The mental game is the biggest challenge for marathon runners and FIRE-followers alike. Each mile is a reminder that you’ve got more distance left to run. If you let it, it’s dispiriting. And even after halfway you still have to keep running. In the FIRE equivalent, you aced this month’s savings goal, but then there’s the discomforting realisation that you’ve got another eighty-four months to go. And those months are all going to be one month long, the inflexible, unforgiving sods.Time is the variable that you cannot adjust for or speed up.
In marathons, we employ different strategies to cope with this. You focus on the tiny wins - speed up for just one song; cheer yourself on at each mile marker you run past. Look out for your beaming supporters, politely bemused that you’re even trying this. Don’t think of the finish too early, just focus on where you are now. Break it down, mile by mile. So here are the powerups we use for marathons and FIRE alike.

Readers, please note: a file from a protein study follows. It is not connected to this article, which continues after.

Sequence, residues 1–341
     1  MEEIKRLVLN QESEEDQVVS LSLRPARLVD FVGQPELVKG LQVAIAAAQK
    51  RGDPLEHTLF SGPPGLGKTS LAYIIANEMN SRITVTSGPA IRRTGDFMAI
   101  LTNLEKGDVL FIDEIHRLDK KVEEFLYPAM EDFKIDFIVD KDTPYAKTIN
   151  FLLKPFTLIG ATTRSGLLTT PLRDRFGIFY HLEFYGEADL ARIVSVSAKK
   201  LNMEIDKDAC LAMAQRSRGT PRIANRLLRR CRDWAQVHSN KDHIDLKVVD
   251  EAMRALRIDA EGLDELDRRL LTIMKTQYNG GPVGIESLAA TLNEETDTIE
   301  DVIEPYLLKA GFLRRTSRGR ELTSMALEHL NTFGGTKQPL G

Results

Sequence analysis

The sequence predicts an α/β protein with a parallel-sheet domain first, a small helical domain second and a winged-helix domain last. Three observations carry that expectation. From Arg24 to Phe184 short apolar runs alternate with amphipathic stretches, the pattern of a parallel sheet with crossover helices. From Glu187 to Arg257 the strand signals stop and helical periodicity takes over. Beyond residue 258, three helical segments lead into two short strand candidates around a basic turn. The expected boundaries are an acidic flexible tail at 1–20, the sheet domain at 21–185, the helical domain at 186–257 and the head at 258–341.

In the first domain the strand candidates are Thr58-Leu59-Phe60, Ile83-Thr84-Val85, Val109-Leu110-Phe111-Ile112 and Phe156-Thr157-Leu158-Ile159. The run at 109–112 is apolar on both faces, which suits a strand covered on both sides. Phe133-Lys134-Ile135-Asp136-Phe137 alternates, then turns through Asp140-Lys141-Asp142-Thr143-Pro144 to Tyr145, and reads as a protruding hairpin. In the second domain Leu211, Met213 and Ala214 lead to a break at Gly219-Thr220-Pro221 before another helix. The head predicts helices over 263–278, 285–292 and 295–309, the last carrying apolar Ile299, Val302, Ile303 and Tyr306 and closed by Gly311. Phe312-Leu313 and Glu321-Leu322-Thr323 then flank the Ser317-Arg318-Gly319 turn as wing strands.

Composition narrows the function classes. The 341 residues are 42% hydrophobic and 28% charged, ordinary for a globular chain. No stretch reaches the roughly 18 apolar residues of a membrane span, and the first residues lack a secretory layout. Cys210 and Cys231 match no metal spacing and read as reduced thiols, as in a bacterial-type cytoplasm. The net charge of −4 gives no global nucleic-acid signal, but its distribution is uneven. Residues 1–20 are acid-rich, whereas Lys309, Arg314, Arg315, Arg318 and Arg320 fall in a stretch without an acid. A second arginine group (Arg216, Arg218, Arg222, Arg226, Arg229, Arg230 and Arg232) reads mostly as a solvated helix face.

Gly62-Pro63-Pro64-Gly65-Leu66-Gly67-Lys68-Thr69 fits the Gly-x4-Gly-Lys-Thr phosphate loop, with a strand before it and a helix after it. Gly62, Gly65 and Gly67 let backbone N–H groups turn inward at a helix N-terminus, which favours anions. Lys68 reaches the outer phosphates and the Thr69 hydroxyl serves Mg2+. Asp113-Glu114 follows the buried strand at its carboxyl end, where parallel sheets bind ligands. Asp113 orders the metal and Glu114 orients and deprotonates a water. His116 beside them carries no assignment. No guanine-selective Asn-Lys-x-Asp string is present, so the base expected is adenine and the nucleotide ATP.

Optimise for success: cool, you’ve done the starter stuff. Your savings are automated, you cycle to work, you’re not blowing money on big things you can do without, and you’ve seen a huge change in your savings rate. We’re now in tiny wins territory, and this stuff is super important too.
Some ideas: are you bulk buying your loo roll for the cheapest deal? Do you do your food shopping online so you maximise on deals? How many freebies, vouchers or 2-for-1 offers can you blag? (I subscribe to a newspaper, which was a carefully considered monthly cost. The 2-for-1 vouchers on cinema tickets more than make up for the subscription fee.) Does most of your wardrobe come from a charity shop? Are you sprinkling in zero-shopping weeks? Do you bulk buy pretzels and pre-portion them to avoid the 60p a day pretzel habit at work? P’s workplace has had regular ‘free to a good home’ impromptu offerings - cooking chocolate, beer, cider. Sandwiches. It’s all welcome, and it’s all a few quid saved every time. And those few quid do add up. A fiver a week is £20 a month, which is £240 a year.